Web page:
A British fighter pilot
, one of the heroes of the Battle of Britain
, whose deeds* were made more remarkable by the fact that he had lost both legs in an air crash years before.
Douglas Robert Steuart Bader was born on 21 February 1910, the son of an engineer whose work took him to India. Douglas stayed in England with an aunt and uncle; the uncle was a fighter pilot in the Great War, and later adjutant at the RAF Cranwell base, and encouraged Bader to enrol there. Bader joined the Royal Air Force in 1930, and excelled. he joined No 23 Squadron and flew the Gloster Gamecock. But on 14 December 1931 a crash during acrobatics destroyed both his legs, and he was invalided from the service in 1933.
From The Meaning of Liff by Douglas Adams and John Lloyd: Ludlow (n.) A wad of newspaper, folded table-napkin or lump of cardboard put under a wobbly table or chair to make it stand up straight. It is perhaps not widely known that air-ace Sir Douglas Bader used to get about on an enormous pair of ludlows before he had his artifical legs fitted.
With the coming of the next war in 1939 he rejoined the RAF in a combat role flying the Spitfire, and was swiftly given promotions, commands, and medals: Flight Lieutenant and DSO 1940, Wing Commander and DFC 1941. (Released from Colditz on its liberation in 1945 he became a Group Captain, then CBE in 1956 and knighted as a KBE in 1976.)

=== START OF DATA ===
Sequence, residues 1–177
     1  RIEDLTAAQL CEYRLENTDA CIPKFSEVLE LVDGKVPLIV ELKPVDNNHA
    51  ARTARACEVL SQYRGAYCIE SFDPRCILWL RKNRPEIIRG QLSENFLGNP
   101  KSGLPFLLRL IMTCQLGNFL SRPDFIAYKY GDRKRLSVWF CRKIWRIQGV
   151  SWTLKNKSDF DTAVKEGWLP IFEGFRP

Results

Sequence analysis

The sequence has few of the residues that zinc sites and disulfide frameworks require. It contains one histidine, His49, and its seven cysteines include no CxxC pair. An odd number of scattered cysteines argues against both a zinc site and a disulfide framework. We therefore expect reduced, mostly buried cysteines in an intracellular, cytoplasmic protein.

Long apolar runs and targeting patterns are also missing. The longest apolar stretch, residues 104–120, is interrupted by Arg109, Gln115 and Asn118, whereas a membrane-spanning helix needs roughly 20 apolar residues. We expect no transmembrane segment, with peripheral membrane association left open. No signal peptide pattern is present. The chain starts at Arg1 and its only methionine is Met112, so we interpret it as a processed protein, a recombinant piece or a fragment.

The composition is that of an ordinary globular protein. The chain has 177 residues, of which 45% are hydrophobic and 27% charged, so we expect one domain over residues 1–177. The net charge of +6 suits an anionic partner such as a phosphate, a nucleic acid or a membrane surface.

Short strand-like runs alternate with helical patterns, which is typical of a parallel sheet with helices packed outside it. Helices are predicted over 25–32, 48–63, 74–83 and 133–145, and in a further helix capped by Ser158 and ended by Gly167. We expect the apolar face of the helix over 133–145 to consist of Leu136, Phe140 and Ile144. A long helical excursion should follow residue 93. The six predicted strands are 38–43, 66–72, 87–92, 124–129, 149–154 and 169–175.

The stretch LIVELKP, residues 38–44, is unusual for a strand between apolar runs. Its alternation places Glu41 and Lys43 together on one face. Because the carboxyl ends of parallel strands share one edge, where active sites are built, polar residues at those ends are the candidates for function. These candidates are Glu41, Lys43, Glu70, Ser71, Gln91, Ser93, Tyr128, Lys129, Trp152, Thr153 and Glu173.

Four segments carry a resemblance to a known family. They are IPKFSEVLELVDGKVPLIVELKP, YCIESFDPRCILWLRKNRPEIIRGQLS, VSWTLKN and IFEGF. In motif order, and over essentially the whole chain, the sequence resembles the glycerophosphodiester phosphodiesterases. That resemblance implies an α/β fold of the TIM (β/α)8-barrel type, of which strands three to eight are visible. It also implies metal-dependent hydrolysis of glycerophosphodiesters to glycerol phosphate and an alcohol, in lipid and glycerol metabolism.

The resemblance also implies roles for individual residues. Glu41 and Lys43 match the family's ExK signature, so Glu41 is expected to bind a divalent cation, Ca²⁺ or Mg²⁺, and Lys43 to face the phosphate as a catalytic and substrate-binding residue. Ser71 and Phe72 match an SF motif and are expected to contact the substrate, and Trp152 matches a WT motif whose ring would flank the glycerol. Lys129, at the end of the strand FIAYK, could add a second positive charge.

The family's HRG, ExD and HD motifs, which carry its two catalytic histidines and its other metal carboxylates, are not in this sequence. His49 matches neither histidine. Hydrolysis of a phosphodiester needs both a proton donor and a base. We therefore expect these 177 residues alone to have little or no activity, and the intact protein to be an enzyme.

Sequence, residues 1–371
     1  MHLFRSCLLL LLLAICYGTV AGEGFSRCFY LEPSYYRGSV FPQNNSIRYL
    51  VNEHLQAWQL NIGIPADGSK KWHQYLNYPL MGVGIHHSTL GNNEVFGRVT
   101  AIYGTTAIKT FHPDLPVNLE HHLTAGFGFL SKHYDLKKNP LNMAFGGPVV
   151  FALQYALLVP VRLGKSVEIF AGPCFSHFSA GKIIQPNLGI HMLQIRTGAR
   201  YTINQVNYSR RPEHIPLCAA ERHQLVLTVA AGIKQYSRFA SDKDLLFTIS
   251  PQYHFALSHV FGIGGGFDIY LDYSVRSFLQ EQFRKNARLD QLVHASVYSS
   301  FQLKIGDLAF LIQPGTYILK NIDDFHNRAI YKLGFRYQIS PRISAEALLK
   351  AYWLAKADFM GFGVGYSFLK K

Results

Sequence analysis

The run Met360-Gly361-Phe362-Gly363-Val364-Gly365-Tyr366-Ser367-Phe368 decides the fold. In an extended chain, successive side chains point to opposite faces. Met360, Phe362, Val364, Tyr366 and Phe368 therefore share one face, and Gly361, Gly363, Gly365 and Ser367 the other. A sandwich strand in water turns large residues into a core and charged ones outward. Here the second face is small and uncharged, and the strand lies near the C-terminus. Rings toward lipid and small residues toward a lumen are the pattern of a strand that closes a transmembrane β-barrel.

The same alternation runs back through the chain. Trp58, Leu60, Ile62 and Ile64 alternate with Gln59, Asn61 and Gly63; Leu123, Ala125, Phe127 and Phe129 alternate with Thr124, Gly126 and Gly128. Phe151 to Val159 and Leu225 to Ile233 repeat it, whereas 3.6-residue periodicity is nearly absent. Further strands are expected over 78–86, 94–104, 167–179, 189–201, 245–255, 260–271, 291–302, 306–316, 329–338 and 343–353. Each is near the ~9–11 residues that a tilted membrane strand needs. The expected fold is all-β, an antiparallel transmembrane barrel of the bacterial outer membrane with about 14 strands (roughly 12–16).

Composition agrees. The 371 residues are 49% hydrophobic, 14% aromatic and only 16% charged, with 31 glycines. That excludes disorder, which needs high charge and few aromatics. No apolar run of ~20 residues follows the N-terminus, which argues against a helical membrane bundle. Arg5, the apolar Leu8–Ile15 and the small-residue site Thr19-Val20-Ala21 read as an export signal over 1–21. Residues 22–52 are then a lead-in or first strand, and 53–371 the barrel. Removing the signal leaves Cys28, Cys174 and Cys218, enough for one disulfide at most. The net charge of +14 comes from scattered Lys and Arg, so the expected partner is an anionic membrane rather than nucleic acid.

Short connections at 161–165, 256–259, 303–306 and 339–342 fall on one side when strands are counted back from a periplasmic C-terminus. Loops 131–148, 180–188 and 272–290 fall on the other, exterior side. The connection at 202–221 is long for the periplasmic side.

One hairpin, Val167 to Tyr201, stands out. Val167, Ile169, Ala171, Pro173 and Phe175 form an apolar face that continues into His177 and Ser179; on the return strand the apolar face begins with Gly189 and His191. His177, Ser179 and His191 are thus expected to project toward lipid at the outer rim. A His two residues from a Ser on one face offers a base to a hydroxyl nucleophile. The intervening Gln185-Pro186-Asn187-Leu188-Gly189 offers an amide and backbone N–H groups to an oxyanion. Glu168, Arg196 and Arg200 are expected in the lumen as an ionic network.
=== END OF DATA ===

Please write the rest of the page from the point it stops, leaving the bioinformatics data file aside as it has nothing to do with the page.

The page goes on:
His first kill took place on 1 June 1940, a Bf 109, and by 1 August 1941 he had achieved 22 and a half kills (that is, one shared, and one or two probable). His arch-enemy, the legendary German ace General Adolf Galland, later became his good friend. On that final day he collided with an aircraft, or it shot him down: neither British nor German records nor any of their memories can be sure what happened.
Captured, he became the epitome of the indomitable Colditz prisoner driving his captors mad with repeated escape attempts. They eventually deprived him of his artificial legs.
With peace, he retired from the RAF in 1946, having led the victory fly-past over London the previous year, and worked for Shell Oil, retiring in 1969. In after years he did charitable work for the handicapped. He died on 5 September 1982. Paul Brickhill's book about his exploits, entitled Reach for the Sky, was filmed in 1956, with Kenneth More as Douglas Bader.
Basic facts for this were extracted from
which also has a detailed timeline of his kills. Then there's a very interesting interview with him at
which I strongly recommend if you're interested in his techniques and reminiscences. (Rats, neither of these sites works any more.) He goes into a lot of detail on his final crash. His answers are very long, chatty, discursive, full of fun, except the one to this question: "Did you ever engage anyone in a single combat that you thought might defeat you?
* oops, almost said 'feats'